The escalation in tensions around North Korea and the dominance of the US and China in reaching a resolution underscore the need for a stronger multilateral framework in Asia, said the project director of an Asia Society Policy Institute (ASPI) report calling for a new approach to economic and security issues in the region.
The report, titled Preserving the Long Peace in Asia, argues that Asean-based institutions and the East Asia Summit (EAS) – both of which include China and the US – should be strengthened as venues for discussion of regional issues and used to offset the tendency of many countries to “shop” for forums that suit their interests better.
“Big countries have to demonstrate that they are accommodating the opinions of smaller countries in the region as well and that they’re not just seeking to say ‘we’re going to do this the way we want to do it or we’re going to gang up in a G2 against you guys’,” Lindsey Ford, Director of Policy-Security Affairs at the Asia Society Policy Institute, said in an interview with the South China Morning Post.
The report was produced to reflect the consensus view of ASPI’s Independent Commission on Regional Security Architecture, which is chaired by former Australian Prime Minister Kevin Rudd. Other members of the commission include Thomas E. Donilon, National Security Advisor under former US President Barack Obama.
Efforts to halt North Korea’s nuclear weapons programme are likely to be a focal point of an expected summit between presidents Xi Jinping and Donald Trump in November.
“There have also been people like the Secretary of State and others that are pushing towards potential discussions with North Korea,” former White House chief strategist Steve Bannon said in an interview with the Post earlier this week. “But I think the first thing we need to push is actually engage China one-on-one on North Korea.”
Such an approach to tensions on the Korean Peninsula are an example of the bilateral channels that ASPI calls “inadequate to address many of the region’s most prevalent concerns, such as nuclear proliferation, natural disasters, violent extremism, and cyber threats, which require a coordinated regional response”.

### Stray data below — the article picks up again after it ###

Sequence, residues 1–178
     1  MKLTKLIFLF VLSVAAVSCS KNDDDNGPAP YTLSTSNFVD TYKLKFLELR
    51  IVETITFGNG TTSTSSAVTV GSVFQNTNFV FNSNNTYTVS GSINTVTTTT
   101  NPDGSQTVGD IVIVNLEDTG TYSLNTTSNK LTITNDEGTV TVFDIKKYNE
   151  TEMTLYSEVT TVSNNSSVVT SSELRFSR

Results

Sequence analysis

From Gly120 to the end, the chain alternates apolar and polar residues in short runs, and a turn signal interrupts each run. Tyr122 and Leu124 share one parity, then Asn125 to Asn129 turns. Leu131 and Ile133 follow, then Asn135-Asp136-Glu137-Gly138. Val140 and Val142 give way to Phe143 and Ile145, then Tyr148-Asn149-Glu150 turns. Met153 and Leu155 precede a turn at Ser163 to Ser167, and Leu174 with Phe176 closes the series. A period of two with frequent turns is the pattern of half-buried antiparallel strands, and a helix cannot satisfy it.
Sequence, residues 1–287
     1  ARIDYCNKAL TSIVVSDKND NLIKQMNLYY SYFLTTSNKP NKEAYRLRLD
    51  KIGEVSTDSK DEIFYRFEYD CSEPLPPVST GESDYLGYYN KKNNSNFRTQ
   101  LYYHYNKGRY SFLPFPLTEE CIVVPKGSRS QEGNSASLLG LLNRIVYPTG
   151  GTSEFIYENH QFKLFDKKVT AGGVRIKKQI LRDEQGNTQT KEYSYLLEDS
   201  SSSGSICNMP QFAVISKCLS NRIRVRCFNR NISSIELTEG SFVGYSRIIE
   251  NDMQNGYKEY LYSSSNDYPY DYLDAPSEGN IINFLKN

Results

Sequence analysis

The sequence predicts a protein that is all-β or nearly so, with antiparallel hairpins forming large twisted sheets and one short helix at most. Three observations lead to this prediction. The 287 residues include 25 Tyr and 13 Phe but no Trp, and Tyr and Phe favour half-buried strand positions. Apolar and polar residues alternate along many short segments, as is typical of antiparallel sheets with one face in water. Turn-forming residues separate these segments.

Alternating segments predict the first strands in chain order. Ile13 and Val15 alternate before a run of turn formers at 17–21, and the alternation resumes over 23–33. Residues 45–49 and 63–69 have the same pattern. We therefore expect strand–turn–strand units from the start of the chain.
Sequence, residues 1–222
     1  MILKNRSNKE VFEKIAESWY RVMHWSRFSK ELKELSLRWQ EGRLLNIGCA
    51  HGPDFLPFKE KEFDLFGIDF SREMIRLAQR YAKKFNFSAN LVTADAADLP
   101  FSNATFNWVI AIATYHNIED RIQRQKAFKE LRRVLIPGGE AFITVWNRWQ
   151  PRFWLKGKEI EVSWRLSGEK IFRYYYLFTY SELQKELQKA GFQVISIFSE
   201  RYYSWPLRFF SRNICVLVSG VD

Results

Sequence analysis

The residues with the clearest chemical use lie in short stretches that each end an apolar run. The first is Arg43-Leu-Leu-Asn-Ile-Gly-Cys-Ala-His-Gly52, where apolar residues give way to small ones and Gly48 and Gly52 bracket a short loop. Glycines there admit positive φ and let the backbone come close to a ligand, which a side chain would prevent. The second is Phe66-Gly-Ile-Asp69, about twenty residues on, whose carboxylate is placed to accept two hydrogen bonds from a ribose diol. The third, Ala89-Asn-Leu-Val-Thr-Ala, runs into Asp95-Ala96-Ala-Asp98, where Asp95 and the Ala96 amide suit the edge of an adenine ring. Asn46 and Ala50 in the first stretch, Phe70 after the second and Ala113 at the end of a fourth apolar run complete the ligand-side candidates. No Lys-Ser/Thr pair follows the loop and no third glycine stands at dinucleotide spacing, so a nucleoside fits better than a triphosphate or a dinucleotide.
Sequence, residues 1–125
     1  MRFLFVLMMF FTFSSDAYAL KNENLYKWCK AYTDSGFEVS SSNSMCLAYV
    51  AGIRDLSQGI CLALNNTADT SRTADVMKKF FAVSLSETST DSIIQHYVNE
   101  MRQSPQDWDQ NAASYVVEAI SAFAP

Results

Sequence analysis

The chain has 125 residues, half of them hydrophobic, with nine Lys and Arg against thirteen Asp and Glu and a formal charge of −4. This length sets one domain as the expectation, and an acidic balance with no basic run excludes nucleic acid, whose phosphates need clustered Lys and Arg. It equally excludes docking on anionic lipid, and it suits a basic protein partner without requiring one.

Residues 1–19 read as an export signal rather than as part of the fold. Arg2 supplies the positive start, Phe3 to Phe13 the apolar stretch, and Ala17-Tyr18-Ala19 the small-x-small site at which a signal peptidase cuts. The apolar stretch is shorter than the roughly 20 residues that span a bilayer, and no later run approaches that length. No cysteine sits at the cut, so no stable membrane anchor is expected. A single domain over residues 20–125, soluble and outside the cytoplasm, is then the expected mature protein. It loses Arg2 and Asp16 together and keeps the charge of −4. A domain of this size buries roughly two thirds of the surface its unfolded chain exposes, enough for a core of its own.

The ASPI report called for more dialogue about security issues within Asean Defence Ministers Meeting-Plus, a forum that consists of the 10 Asean members and eight other countries including the US, China, Japan and Russia. As well, the EAS should build “its operational capacity by establishing temporary working groups tasked with developing recommendations on discrete security policy topics”.
“Asean can help bring countries together as a neutral arbiter,” Ford said. “When things are going right, what big countries see, and China has seen this in some instances is if you push too hard on that you’re the 800-pound gorilla in the room, it doesn’t go well for you.”
Ford was referring to the 2012 Asean Foreign Ministers’ Summit, when the group failed to agree on a communique because of differences over what stance to take towards China’s activity in the South China Sea. China was accused of undue influence over summit chair Cambodia to block discussions on the issue.
The prominence of the US and China as primary brokers in regional issues causes problems in finding a regional consensus towards the missile defence system deployed by the US in South Korea as a measure of protection against possible attacks by Pyongyang, the ASPI report said.
“Countries across the region often feel torn between their dependence on the US security umbrella and their reliance on China’s growing economic influence. The Terminal High Altitude Area Defence (THAAD) case also puts a spotlight on the growing concern for many Asian nations: in a world in which their economic and security interests diverge, partners are increasingly being forced to choose between the two in uncomfortable ways.”